Grindelwald celebrates its unique velogemel

The Swiss Alpine resort of Grindelwald has just held the annual celebration of its unique form of transport: the velogemel.

This content was published on February 7, 2000 - 16:03

The Swiss Alpine resort of Grindelwald has just held the annual celebration of its unique form of transport: the velogemel. More than 160 people, young and old, took part in the fifth Velogemel world championships - nothing more than an excuse for Grindelwald to tell the world about this curiosity.

This wooden snow bike may look rudimentary, with its wooden frame and ornately-carved runners. But those who have ridden one will testify that it's a thrilling experience. On the flat, the gemel can be pushed along with the feet, but when it goes downhill, the rider can literally put his feet up and rest them on a small bar - and hold on tight.

The Velogemel may provide the rider with a big adrenalin kick, but its origins were much more practical. The first gemel was built in 1911 by a carpenter who wanted a quick and practical way of getting about the village. And it's still an everyday means of transport today, with postmen using them on their rounds and children riding them to school.

One company has the patent on making the bikes, which are fashioned from ash and maple. The makers boast that their gemels, if well treated and steered clear of mountain trees, will last 100 years. Certainly many of the velogemels in the race looked like antiques that had been passed down through the generations.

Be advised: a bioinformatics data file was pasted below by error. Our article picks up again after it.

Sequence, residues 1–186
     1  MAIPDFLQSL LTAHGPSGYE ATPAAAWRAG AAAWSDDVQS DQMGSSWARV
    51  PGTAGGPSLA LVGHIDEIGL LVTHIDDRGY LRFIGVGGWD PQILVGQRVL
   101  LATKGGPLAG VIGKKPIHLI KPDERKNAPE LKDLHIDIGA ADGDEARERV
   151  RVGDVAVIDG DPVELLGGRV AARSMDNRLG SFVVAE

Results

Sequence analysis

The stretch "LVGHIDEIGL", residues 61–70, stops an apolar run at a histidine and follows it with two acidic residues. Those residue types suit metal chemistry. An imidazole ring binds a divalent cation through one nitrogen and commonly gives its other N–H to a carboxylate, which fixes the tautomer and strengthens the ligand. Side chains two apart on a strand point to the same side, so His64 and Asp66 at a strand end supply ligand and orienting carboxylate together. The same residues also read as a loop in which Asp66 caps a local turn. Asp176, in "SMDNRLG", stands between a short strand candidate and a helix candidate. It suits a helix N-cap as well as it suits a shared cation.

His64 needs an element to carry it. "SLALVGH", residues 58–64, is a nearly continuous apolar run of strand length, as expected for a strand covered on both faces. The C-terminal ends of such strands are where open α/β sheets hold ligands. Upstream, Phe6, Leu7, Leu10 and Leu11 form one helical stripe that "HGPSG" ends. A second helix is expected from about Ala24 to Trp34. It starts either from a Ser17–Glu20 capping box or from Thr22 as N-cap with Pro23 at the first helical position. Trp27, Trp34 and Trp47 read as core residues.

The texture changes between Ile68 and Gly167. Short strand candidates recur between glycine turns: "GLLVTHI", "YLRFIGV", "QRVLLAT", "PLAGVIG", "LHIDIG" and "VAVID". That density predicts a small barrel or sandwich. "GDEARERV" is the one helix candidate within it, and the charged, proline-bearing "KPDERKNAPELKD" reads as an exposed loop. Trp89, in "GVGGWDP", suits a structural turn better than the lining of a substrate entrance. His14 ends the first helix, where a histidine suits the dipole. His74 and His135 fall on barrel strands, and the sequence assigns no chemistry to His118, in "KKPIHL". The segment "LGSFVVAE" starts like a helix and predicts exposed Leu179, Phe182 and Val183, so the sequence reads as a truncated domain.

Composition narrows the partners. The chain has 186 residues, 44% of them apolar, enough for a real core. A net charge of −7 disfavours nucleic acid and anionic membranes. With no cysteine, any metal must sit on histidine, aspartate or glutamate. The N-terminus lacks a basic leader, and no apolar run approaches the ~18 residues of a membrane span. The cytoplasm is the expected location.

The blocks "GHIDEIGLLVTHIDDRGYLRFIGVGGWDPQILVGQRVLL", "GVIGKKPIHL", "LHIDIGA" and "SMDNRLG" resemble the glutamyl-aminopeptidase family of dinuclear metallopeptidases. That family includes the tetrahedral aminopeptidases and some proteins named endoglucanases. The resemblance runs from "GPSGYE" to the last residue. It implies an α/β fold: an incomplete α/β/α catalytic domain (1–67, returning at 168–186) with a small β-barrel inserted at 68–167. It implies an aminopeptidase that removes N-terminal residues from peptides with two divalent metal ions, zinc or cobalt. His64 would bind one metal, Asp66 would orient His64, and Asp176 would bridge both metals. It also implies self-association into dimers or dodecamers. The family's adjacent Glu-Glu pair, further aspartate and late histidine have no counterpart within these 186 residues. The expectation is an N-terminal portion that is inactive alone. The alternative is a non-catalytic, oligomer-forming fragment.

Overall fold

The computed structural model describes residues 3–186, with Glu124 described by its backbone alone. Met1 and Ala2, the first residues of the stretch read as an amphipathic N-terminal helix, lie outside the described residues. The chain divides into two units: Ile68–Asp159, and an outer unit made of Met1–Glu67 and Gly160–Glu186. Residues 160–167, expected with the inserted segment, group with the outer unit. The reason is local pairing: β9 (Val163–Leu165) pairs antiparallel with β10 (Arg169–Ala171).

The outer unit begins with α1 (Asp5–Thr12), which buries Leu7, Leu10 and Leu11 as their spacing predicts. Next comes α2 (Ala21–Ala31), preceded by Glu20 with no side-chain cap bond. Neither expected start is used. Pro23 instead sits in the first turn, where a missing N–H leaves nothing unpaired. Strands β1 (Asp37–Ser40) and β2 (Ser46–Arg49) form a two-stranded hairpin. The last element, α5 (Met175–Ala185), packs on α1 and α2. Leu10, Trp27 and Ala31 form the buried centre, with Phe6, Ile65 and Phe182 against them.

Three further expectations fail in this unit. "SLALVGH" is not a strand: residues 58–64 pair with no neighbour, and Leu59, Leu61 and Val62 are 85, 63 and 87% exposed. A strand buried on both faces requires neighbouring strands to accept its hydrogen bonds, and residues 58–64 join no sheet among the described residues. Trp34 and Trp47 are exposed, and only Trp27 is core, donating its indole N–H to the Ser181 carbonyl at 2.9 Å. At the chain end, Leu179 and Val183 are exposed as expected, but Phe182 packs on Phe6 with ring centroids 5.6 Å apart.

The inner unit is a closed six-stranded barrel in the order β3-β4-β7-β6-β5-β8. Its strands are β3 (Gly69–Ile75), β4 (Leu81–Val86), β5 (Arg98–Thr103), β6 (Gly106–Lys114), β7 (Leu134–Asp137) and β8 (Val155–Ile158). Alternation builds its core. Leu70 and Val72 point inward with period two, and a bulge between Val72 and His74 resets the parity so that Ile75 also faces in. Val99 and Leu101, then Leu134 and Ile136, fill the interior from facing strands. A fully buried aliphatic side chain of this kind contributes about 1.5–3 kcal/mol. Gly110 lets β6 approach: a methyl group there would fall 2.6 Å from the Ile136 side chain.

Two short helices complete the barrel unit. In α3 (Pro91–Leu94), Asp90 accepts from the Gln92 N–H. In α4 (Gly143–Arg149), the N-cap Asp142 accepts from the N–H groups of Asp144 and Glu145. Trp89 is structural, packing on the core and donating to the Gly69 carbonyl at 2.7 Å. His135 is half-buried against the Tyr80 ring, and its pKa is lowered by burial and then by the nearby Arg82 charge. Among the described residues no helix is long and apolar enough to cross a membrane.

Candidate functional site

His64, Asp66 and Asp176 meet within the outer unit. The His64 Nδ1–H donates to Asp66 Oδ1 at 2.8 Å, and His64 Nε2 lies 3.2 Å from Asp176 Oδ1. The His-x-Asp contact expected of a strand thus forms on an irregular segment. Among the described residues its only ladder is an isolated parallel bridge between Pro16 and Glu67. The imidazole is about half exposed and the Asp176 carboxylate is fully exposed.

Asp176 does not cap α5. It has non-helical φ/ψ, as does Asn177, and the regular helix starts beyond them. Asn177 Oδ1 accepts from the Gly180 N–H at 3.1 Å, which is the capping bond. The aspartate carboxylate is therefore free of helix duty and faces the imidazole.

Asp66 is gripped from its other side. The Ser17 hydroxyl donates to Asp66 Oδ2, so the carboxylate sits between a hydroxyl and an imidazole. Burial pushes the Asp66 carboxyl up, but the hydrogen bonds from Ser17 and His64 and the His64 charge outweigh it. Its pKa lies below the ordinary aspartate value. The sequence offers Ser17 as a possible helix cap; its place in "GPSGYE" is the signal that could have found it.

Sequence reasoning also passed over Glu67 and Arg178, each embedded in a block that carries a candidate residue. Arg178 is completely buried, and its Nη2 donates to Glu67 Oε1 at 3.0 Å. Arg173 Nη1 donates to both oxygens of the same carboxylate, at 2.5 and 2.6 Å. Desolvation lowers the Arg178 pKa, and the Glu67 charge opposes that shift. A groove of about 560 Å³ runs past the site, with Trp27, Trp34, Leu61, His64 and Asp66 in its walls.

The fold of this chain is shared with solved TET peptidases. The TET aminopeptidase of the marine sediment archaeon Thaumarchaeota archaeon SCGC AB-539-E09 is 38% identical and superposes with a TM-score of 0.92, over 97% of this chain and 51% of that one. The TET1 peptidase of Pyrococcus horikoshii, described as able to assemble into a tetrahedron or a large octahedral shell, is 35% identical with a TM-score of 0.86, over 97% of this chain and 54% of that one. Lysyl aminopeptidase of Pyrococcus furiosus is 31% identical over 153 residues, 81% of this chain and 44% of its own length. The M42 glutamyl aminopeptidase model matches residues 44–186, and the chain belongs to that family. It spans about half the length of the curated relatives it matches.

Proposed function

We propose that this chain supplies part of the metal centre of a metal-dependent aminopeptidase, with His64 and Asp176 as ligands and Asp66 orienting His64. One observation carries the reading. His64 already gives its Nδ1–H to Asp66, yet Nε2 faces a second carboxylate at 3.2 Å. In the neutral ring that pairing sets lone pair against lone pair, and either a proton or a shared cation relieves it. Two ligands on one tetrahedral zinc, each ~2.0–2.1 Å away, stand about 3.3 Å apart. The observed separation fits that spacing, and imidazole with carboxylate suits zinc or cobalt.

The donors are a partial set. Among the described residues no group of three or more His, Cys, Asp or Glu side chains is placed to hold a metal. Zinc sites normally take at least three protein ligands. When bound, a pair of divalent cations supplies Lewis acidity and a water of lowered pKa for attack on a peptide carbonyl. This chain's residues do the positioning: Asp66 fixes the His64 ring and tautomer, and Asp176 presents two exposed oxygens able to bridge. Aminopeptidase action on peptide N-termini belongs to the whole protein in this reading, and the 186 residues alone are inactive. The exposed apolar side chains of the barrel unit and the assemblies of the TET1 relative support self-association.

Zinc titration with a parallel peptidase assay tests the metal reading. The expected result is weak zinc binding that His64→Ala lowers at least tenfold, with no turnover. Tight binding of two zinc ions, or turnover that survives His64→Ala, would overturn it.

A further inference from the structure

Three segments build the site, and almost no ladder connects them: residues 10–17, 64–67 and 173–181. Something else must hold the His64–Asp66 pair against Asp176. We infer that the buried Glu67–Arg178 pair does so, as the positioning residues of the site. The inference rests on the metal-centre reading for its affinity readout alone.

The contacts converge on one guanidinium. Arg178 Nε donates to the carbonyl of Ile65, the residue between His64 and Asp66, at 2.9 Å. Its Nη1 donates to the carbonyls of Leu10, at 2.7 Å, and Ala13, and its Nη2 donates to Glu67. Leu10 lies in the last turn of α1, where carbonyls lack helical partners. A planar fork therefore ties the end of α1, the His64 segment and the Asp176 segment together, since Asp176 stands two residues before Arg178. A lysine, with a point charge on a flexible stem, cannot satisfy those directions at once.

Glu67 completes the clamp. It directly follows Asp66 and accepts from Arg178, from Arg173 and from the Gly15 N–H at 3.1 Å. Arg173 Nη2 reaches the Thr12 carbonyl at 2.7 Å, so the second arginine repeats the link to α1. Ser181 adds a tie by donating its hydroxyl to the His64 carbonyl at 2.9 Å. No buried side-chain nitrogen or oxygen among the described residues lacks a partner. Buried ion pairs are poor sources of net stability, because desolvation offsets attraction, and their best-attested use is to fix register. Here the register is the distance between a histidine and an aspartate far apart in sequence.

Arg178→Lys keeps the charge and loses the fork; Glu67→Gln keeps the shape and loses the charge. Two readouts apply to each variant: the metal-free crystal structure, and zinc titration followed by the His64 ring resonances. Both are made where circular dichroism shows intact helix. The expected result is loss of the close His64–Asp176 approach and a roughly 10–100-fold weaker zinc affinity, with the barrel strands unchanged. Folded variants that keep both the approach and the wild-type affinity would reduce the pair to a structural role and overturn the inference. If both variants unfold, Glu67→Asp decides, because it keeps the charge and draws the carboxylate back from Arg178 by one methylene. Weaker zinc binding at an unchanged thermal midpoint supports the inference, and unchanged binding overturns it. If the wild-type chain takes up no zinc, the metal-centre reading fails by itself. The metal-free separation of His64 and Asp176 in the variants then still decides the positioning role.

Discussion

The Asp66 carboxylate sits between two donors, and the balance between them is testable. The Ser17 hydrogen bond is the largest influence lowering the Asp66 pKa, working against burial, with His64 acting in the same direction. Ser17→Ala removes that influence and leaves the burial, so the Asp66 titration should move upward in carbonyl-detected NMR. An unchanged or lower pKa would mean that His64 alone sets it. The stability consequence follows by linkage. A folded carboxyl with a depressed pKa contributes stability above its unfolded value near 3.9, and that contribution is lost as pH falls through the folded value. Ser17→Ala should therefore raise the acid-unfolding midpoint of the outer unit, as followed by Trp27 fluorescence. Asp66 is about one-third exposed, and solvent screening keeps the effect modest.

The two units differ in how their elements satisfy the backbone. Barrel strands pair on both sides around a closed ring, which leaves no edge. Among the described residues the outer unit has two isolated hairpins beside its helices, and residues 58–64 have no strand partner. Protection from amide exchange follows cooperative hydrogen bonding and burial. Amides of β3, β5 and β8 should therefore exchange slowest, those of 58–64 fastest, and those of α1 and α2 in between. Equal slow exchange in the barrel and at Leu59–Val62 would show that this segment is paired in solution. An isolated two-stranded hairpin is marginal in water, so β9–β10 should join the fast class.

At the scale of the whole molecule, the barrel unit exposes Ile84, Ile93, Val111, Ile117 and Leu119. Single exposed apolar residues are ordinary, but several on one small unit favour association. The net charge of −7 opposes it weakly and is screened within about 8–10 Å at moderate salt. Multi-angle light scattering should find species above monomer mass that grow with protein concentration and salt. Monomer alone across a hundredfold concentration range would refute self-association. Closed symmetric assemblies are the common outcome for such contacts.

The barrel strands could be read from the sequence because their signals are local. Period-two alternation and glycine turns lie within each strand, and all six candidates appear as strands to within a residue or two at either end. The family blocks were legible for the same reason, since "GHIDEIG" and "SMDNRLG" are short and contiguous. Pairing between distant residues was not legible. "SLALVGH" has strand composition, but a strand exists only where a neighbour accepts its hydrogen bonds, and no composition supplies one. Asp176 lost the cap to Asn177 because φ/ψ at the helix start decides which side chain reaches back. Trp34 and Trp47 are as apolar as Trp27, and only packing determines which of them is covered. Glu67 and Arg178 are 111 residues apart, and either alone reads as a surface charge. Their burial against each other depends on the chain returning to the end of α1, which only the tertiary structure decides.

The local tourism office is the driving force behind the velogemel race. It's aware that this curiosity is a real selling point for the town.

"It's certainly a tourist attraction," says Tony Baumann of the Grindelwald tourism office. "You can hire tham at the railway station for a day or a week."

"For a long time, no-one used sledges. But in the past five or 10 years, sledging has become really popular again. We have a lot of sledge-runs in Grindelwald, so people come to sledge, see the velogemels, give it a try and really like it," Baumann says. "It's much more comfortable than sitting on a sledge."

Many of those taking part in the world championship race wouldn't agree: "It doesn't have any suspension, so it's a bit uncomfortable when you go over the bumps," says Joe Lombardo, an Australian working in Grindelwald, "but it's great fun - it can go pretty fast."

Tony Baumann says enjoyment is the whole point of the event: "There are some people who want to win, but 95 per cent are just taking part for the fun."

The Velogemel world championship is a great opportunity for the people of Grindelwald to celebrate a curiosity unique to their corner of the Bernese Oberland.

By Roy Probert

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